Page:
It's hard to overstate just how much social media network and search engine advertising helped the Russians plant their fake news stories, and nobody's more guilty of this than Facebook, the tool of choice for the discriminating Russian provatskiya agent. Now that we know Russian front companies bought hundreds of thousands of dollars worth of ads on Zuckerberg's toy, Congress has a few questions they want answered, and they have the means to get those answers.
The discovery that a Russian company bought election-related Facebook ads in last year’s presidential race opens new avenues for Justice Department and congressional investigators and likely will lead to subpoenas for confidential records of social media advertisers, former prosecutors say.
Facebook’s disclosure, which a key Senate Democrat called “the tip of the iceberg,” appears to show that Russians searching for ways to harm Democrat Hillary Clinton’s presidential prospects broke criminal laws barring foreigners from attempting to influence U.S. elections.
The findings could ease investigators’ efforts to win Facebook’s voluntary release of records showing whether Russian intelligence agencies went even further to boost Donald Trump’s chances – by buying far more ads with much stealthier methods than the easily traceable $150,000 in purchases that the company divulged on Wednesday.
If Facebook, Twitter and other social media firms don’t cooperate, subpoenas could be in the offing.
The evidence of Russian ad buys on Facebook "is likely to be of great interest to all of the entities investigating Russian interference with last year’s election,” said Jennifer Rodgers, a former assistant U.S. attorney who now heads the Columbia University law school’s Center for the Advancement of Public Integrity.
“To the extent that Facebook and other social media companies don’t voluntarily cooperate, I would expect subpoenas to be issued and other legal avenues to be pursued," she added -- though it’s uncertain whether the Republican chairmen of the House and Senate Intelligence Committees would oblige Democrats' push to compel cooperation.
Russia’s use of social media is a focus of investigations into the Kremlin’s massive, multi-pronged cyberattack by Justice Department Special Counsel Robert Mueller and the congressional intelligence committees.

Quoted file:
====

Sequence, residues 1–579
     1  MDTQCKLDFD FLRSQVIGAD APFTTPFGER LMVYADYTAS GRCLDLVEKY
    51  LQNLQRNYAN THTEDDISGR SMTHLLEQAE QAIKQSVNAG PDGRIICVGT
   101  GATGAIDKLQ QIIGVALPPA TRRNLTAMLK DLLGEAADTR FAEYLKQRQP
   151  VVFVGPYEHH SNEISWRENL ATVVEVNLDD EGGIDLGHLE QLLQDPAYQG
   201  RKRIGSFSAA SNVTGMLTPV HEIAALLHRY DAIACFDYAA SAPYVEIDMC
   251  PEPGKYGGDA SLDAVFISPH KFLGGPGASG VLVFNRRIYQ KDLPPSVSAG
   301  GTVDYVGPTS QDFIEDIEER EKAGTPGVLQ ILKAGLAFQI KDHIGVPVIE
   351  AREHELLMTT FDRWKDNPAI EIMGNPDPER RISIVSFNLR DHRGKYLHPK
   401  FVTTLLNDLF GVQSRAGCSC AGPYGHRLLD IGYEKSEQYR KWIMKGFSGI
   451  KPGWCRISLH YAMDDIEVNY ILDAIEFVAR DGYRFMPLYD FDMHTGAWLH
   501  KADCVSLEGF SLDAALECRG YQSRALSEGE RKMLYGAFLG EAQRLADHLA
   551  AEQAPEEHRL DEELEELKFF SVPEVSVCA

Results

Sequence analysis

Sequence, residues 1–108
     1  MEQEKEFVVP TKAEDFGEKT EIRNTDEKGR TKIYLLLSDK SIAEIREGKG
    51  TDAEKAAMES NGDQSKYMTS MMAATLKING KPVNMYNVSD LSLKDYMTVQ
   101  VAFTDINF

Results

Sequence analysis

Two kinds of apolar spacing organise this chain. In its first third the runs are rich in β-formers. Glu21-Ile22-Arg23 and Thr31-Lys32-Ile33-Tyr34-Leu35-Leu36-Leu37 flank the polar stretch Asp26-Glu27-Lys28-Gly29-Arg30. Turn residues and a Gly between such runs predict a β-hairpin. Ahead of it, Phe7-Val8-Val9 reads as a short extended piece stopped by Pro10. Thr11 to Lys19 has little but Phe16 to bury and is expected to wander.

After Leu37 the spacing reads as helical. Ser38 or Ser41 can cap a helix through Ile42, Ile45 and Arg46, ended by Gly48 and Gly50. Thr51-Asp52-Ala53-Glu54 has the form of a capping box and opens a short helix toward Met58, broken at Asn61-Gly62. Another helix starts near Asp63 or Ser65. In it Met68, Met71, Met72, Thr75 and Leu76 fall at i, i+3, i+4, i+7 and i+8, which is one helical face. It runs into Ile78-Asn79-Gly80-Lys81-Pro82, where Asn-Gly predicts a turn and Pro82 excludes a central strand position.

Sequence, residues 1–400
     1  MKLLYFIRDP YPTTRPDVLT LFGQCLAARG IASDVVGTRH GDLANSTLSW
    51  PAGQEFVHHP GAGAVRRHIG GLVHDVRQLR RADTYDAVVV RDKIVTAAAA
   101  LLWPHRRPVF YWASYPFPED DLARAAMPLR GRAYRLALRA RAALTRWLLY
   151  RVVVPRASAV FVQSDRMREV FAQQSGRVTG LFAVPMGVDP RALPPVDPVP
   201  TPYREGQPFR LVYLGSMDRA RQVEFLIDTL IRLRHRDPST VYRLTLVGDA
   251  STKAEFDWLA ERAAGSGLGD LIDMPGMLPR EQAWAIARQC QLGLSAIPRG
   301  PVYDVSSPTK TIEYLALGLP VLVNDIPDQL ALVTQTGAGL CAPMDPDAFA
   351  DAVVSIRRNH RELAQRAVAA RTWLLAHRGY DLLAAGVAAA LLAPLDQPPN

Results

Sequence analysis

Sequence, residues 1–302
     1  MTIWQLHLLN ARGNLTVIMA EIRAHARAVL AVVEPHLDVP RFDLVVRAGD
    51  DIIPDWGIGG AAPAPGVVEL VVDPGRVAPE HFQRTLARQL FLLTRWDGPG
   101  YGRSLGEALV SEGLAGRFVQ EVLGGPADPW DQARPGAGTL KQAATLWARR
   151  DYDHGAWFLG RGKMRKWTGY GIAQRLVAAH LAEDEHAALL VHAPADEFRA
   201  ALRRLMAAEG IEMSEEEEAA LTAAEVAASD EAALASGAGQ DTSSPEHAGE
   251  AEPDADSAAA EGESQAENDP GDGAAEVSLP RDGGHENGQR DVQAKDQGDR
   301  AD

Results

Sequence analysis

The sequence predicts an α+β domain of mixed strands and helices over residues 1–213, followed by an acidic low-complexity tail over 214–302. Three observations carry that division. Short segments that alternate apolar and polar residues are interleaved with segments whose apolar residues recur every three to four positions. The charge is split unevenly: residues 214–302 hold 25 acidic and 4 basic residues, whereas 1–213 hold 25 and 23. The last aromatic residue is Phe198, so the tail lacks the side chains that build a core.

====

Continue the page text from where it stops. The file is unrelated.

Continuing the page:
Virginia Sen. Mark Warner, the ranking Democrat on the Senate Intelligence Committee, said Thursday that he has believed since the beginning of his panel’s investigation that Russians were using “the very social media sites that we rely on for virtually everything – the Facebooks, Googles and Twitters … to intervene in our elections.”
Addressing a major intelligence conference in Washington, Warner called “the tip of the iceberg” Facebook’s revelation that it had tracked thousands of the ads to a Russian company linked to a so-called, Kremlin-directed “troll farm” that spread Russian propaganda.
The sponsored Facebook ads pop up near the top of Facebook users’ private news feeds. Ads that are targeted to a certain subset of people are known as “dark posts,” because only the recipients see them. Many such ads are designed to automatically disappear once they’ve been viewed by Facebook customers.
U.S. intelligence agencies also say Russian operatives unleashed automated attacks using computer commands known as “bots” to circulate fake news about Clinton, often via phony Twitter accounts.
Warner said he wants Facebook representatives “to come back in” for further questioning by Senate investigators.
“I want to see Twitter back in” as well, he said. “I want to see others come back in.”
My biggest hope is that subpoenas derail Zuckerberg's political aspirations for good (or at least until after 2020). The last thing Democrats need right now is one of the world's richest white guys promising he can run America like a start-up and on the ticket by dint of the Golden Rule: he who has the gold, makes the rules.